Famitsu’s 8/22-29 2019 issue includes a special interview with Fate series creator and Fate/Grand Order main writer Nasu Kinoko to commemorate FGO’s fourth anniversary.

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The interview begins with Nasu being how he feels, and he says that while both fatigue and a sense of fulfilment are greater than anticipated, the anniversary also makes him feel tense, making him feel like them coming this far means he has to work even harder over the next year. He also says that he has nothing but gratitude for the players who have stuck with them for four years: He thinks that something that has continued for as long as four years can be considered part of a person’s life, and while expectations may go up with each passing year, he intends to do his best to live up to expectations.

How younger fans and female fans have been increasing in number is pointed out to Nasu, and he expresses how he can still hardly believe it, as Fate started off as something for hardcore fans, and mentions hearing about how the young child of a friend was talking about Mecha Eli-chan, which he had thought of as something primarily for older male fans who like Mecha Godzilla.


The interviewer asks if they are doing anything to appeal to a larger demographic, and Nasu says that the story is not affected at all: Changing the story to widen its appeal would mean a loss of what defines Type-Moon and Fate. Type-Moon focuses primarily on what they can and want to do, and if that resounds with people that they had not thought of like his friend’s child, that makes them happy.

Nasu says that recently he hears that users these days are unwilling to read more than Twitter’s 140 characters, and that he personally interprets this as them being willing to read anything that is within 140 characters. As the amount of space one can use to display text on a smartphone is limited, this results in shorter lines of text being displayed at a time, and he would like to use this as a tool to get users who do not usually read books to read. The interviewer notes how there are now more quests in FGO that do not have battles, and Nasu says that he believes that players who have come as far as past the conclusion of part 1 of the game probably enjoy reading.

Nevertheless, Nasu thinks that having battles at the end of each chapter makes the game feel better as an RPG, and that players still want chances to use their characters, and as such he tells the writers to think of giving players chances to use their characters, but to make sure that they do not force battles in to the point that they cause problems with the story. He says that the story and characters rely on each other, with the story bringing out the appeal of the characters, and the characters’ appeal making the story interesting, and that they are thus both equally important.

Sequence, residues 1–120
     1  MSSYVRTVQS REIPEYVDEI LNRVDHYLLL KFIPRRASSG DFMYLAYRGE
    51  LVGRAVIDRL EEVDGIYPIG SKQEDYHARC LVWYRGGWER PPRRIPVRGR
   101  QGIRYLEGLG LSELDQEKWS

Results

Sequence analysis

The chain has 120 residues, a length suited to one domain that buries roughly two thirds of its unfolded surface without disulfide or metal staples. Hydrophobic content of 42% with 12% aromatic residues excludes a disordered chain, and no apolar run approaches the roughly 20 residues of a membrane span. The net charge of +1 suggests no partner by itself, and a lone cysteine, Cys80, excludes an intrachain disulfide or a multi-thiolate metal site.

The interviewer next asks Nasu what made him aim to become a writer. Nasu says that he originally wanted to be a novel writer, but what made him consider becoming a game writer was a Famitsu review for the Playstation port of ONE: Kagayaku Kisetsu e (which was created primarily by a team of people who later went on to form Key). The review for the game said that while it looked romance-themed on the surface it actually turns into a science fiction piece, and Nasu loved the game upon playing it. The game made him realise that one could make a story-centric game, and think that it might be interesting to write for games, which directly lead to him writing his first game, Tsukihime, which in turn lead to him to fully decide on becoming a scenario writer.

They next discuss how Fate/Grand Order came to be. Nasu says that he originally felt averse to smartphone games, thinking that the shift towards games that could be easily played would result in entertainment as a whole becoming more shallow, but that he also recognised that smartphones were becoming the mainstream platform for entertainment and that giving it a try would be necessary.

Still, as he was not fond of online games, feeling that games are best enjoyed alone, he was unable to take that necessary step forward. This changed when Type-Moon’s Tsukuri Monoji (scripter of Fate/stay night and Mahoutsukai no Yoru) recommended him Demon’s Souls, which changed his perception of online features in games with how it has weak links between players, but also gives the player a sense of how there are others in the same world. Demon’s Souls had Nasu learn how fun it is to connect with other players, and that lead to him becoming more open to FGO having online elements.

Part 2 of this interview is available here



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